Good morning, everyone. Welcome to the House of Commons Standing Committee on International Trade.
We are a very busy committee. We deal with international trade. This year has been quite busy for us because we're dealing with CETA. We have many U.S. issues with softwood lumber and agricultural products. Right now we're dealing with TPP. TPP, as many of you know, is composed of 12 countries with 40% of the world's GDP. There are over 800 million people in this trade block. When you take a good look at it, it will affect all Canadians whether you're producing something or buying something. It's going to potentially have an impact somehow on your lives.
Our committee has been travelling across the country and also having meetings in Ottawa. This is our ninth province now. We're finishing up with Atlantic Canada. We also had video conferences with the territories.
My name is Mark Eyking. I'm the chair, and I'm from Cape Breton, Nova Scotia. I don't live far from this rock; I'm from another rock. Lots of Newfoundland people live in Cape Breton.
We don't have all of our committee members here. Some had to stay back in Ottawa to keep an eye on things for us. Our committee comprises MPs from right across the country from all parties. We have Tracey Ramsey and Dave Van Kesteren from southern Ontario. Mr. Ritz is from Saskatchewan. Ms. Ludwig is from New Brunswick, Madame Lapointe is from Quebec, and Mr. Dhaliwal is from British Columbia.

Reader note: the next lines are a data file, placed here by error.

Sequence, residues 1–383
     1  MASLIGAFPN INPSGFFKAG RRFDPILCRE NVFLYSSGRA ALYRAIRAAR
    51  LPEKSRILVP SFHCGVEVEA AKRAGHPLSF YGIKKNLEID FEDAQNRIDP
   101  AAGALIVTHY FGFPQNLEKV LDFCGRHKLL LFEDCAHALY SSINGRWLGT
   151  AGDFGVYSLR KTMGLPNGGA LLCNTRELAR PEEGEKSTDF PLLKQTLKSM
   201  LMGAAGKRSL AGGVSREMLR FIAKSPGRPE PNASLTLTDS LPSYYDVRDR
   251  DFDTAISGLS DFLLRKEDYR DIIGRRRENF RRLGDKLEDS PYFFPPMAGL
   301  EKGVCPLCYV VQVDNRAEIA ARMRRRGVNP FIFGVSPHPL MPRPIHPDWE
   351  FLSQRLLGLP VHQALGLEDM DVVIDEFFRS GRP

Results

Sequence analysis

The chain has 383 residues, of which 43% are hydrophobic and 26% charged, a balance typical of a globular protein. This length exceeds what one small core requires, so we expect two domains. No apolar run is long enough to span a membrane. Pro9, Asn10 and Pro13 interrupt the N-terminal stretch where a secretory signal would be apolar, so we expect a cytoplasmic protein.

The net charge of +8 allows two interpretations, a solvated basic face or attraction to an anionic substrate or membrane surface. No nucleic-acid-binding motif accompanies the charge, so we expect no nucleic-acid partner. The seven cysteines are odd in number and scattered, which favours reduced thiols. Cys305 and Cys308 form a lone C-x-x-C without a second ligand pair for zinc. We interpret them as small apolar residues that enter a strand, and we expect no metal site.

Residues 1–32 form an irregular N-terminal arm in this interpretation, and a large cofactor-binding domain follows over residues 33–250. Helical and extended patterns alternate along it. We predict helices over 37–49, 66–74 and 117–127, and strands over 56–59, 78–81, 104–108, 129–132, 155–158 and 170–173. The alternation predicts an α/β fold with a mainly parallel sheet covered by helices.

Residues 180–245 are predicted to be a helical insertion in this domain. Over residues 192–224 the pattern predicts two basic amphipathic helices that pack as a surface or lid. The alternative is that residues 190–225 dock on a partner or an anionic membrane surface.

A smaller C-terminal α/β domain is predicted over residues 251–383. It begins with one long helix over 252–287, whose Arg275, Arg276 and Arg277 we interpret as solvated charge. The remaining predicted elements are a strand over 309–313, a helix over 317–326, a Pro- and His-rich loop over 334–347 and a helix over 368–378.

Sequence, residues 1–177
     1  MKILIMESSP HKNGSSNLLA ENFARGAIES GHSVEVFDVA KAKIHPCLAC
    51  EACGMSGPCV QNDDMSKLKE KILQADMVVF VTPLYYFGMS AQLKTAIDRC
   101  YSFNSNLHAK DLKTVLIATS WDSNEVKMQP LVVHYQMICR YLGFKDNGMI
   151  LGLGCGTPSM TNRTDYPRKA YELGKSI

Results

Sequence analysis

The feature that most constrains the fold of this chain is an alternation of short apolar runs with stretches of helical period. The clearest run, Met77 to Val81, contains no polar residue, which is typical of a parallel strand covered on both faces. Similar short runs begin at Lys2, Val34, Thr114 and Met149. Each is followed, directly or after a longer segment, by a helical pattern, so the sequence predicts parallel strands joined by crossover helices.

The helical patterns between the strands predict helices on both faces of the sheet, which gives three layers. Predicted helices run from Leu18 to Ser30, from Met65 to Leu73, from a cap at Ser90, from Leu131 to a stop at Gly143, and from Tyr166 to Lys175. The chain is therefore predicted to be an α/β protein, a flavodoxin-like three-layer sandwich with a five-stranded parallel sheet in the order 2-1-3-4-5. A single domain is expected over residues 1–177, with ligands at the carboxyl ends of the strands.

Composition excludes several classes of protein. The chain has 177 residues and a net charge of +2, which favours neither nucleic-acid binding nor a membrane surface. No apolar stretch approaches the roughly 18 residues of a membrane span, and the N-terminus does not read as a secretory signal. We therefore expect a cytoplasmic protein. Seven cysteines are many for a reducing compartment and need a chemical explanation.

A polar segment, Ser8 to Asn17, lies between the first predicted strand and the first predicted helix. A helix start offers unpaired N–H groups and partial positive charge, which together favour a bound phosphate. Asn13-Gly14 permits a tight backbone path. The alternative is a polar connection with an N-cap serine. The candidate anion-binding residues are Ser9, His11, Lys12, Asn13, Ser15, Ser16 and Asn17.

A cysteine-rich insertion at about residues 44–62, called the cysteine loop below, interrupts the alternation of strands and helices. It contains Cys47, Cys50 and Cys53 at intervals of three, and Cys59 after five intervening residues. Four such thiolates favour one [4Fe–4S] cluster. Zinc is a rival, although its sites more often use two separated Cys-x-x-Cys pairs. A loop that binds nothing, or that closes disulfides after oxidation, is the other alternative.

We've received over 125 briefs. We've had almost 300 witnesses. We're also doing something different that most committees have not done. We are receiving input from the public, from average citizens, and we've received over 20,000 emails so far. We are going to receive those emails, and continue on with our study until the end of October.
The other thing is we have an open mike at the end of each session, so if citizens want to say a few words, they can come right to the mike. That's been quite well-received, and we have a lot of uptake on that.
We are probably going to continue with this consultation process until the end of October. Then our analysts will put together a report with us, and we will table a final report with the House of Commons probably later on in the year or at the beginning of the following year.
As you know, more Canadians are looking at trade now than they did ever before. When you look at the U.S. presidential debate the other night, trade was right up front. It always makes us a little concerned, as Canadians, what the Americans are thinking, and where they're going because it has a big impact. Of course, they're a big player in this TPP, so we're watching that closely.
We're glad to be here in Newfoundland. We had a wonderful flight. We had the tailwinds coming with us from P.E.I. yesterday. A bunch of us went down George Street where I had cod tongues, and that was good. We weren't screeched in yet, so I don't know when that's going to happen. It's always great to be in Newfoundland and Labrador. I remind my colleagues that it's not Newfoundland, it's Newfoundland and Labrador.
We'll have three or four panels today. For the first panel, I'm thanking you people for coming today. We have Citizens against CETA, Canadian Manufacturers & Exporters, Newfoundland and Labrador Federation of Labour, and St. John's Board of Trade.
Folks, we ask that you keep your opening remarks under five minutes. That way we can have enough time for a dialogue with every MP who is here.
We'll begin with the St. John's Board of Trade.
Mr. Whelan, go ahead, sir.